The Partner and I recently filled out elaborate questionnaires regarding our marriage. They were generated by eHarmony Marriage, a spin-off of the popular dating Web site. eHarmony Marriage is something of a counseling program wherein a computer assesses various aspects of your lifestyle and world-view to come up with a detailed marriage profile to help you understand how to build a better marriage.
We dove into the lengthy process with gusto. I call their introductory assessment tool a questionnaire, and so does eHarmony, but it is actually a series of statements on issues ranging from communication, to family, to trust, to sex. Respondents must ask all the questions of themselves, as they look at each statement on their computer screens and move a small carat to the spot in the spectrum that shows how much they agree or disagree.
45 minutes after we embarked on first leg of our introspective journey, The Partner and I finished the questionnaire. As soon as both of our responses were tabulated (and that was instantaneous), we had a 61 paged eHarmony Marriage Profile (EMP) and a Marriage Action Plan (MAP) that was all about us. The EMP is a sort of reference resource analyzing the sources of agreement and disagreement in the marriage, while the MAP is a personalized and practical set of interactive video exercises, expert articles and other practical tools designed to maximize the positive impact on your marriage.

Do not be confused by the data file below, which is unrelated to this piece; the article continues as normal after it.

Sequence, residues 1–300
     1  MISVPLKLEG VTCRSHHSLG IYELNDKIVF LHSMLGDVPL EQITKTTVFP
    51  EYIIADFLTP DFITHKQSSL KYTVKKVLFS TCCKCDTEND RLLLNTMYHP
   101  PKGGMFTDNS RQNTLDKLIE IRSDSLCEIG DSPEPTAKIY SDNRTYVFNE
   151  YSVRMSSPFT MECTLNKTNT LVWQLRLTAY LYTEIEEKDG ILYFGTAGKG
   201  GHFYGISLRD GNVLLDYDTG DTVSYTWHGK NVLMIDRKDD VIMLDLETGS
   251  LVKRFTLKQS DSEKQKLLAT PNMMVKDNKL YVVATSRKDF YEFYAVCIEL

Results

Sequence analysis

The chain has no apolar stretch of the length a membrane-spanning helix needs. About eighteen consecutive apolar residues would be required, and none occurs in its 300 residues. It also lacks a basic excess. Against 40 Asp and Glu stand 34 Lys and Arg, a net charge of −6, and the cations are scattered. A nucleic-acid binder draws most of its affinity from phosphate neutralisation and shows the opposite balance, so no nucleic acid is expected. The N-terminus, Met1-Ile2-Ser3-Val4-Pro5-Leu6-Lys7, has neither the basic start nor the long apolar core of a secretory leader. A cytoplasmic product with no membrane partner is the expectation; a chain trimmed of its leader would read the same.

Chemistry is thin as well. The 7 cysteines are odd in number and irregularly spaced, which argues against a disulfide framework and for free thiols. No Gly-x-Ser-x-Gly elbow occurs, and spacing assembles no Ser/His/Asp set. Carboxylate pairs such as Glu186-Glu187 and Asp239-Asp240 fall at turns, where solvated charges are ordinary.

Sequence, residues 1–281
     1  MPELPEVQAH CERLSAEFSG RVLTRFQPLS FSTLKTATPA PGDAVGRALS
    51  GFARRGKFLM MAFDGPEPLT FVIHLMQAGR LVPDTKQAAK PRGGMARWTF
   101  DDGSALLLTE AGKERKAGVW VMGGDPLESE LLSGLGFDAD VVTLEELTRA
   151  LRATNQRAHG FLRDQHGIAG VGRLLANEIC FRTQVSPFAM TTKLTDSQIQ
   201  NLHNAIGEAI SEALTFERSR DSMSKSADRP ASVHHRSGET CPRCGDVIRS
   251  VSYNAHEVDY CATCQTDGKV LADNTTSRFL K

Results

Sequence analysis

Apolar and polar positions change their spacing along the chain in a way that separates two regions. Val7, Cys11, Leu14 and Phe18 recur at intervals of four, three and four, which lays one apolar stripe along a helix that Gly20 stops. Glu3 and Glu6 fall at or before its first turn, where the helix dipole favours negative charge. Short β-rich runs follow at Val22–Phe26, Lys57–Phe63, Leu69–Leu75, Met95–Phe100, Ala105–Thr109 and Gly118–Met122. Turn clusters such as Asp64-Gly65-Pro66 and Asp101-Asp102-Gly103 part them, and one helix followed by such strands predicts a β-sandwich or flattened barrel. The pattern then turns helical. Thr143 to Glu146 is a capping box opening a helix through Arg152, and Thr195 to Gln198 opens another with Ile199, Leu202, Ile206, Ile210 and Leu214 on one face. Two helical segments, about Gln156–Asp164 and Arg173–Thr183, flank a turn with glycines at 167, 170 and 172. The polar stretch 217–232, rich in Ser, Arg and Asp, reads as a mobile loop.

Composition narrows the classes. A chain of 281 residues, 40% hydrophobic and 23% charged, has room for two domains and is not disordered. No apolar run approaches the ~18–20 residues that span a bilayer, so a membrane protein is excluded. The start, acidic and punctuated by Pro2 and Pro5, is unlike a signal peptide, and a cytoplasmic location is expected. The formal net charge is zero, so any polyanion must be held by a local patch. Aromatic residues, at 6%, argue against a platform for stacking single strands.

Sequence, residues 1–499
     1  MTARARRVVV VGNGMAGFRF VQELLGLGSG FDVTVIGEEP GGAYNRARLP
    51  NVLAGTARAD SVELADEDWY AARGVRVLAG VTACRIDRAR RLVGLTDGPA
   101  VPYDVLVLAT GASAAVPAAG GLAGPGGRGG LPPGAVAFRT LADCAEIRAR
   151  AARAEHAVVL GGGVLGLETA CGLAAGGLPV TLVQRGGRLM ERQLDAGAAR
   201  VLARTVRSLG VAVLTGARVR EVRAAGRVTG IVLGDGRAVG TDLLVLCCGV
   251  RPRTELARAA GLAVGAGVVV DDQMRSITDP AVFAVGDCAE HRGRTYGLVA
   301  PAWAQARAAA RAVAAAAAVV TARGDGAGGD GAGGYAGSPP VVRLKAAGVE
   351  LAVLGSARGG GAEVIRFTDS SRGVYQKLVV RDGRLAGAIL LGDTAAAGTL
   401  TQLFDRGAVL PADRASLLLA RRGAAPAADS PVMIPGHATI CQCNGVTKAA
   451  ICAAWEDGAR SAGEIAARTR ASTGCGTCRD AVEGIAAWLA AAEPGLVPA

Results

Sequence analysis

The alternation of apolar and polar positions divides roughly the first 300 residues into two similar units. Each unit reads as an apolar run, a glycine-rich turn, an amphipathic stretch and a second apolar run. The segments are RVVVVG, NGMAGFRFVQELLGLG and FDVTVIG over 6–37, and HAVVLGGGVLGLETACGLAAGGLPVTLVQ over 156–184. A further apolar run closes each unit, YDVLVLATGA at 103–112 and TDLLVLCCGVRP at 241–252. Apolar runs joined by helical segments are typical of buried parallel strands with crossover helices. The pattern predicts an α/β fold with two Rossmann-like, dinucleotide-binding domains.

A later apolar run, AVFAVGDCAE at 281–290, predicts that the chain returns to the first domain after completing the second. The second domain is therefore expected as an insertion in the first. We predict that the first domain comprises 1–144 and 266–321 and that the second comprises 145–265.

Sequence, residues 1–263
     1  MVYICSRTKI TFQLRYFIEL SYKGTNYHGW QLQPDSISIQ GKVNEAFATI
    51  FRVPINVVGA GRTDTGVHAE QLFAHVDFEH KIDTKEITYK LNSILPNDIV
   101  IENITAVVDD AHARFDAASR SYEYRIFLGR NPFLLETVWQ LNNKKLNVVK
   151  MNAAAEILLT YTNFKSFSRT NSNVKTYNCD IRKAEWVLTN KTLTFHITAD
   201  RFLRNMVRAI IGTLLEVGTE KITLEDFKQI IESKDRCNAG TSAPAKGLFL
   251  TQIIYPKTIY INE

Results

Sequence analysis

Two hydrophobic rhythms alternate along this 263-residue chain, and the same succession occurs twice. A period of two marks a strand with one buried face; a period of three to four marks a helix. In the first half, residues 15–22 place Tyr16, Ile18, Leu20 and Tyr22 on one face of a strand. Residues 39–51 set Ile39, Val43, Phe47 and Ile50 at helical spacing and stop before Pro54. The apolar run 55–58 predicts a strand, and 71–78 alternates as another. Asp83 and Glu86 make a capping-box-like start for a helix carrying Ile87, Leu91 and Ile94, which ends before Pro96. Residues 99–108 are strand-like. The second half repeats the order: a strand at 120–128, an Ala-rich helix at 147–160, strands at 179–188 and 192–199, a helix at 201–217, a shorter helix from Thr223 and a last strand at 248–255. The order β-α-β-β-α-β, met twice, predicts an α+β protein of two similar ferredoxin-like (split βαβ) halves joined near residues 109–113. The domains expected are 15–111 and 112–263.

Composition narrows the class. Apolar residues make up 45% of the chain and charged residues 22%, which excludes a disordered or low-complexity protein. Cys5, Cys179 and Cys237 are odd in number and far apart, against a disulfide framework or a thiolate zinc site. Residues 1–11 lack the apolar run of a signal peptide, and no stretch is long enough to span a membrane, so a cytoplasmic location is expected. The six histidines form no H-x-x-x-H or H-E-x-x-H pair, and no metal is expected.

It was impressive. There was a lot of information and, through the miracle of the high speed processor, it spoke with utmost attention to the details of our strange and imperfect marriage. It was, as eHarmony touts it, extremely personalized.
It was enlightening. On the third page of our EMP was a directory of emoticons that represented how each of us felt about issues pertaining to eHarmony's list of the ten components to a healthy marriage. With one exception, every emoticon was a frowny face. Frowns denote when a person is "usually unhappy" with a facet of his or her marriage. On the positive side, at least we're in agreement about how unhappy we are.
It relied on our own drive. Whereas a visit to a real-life counselor would require a drive in a car, this program rests on the couple's internal drive to enhance or fix their marriage (actually, it can work even if only one spouse is interested in putting in the effort, as it is not required for both partners to participate). The problem with self-motivation is one of the factors that makes marriages falter in the first place--it's hard to find the time to focus on each other. The Partner and I were consumed with so many other projects and activities that finding a way to get past our disheartening EMP and into the MAP realm of doing something about it was difficult.
It was good to talk. When we did find the time, the exercises were helpful in sparking conversations that helped each of us better understand where the other was coming from. And it was all done in the comfort of our own home.
In conclusion, I have no conclusions. Our marriage is in the same hole it's been for the past three years, although now we have depressing analytical statistics to prove it. Like any form of self-help or counseling, the success of this program relies on the willingness of the participants to embrace it. As wise ol' Anonymous once said, "when the student is ready, the teacher will come." If you are ready, the $39.95-$49.95 monthly price tag is a small price to pay for the teachings of this highly personalized and detailed marriage assessment with workable action steps.
This review is part of the Parent Bloggers Network.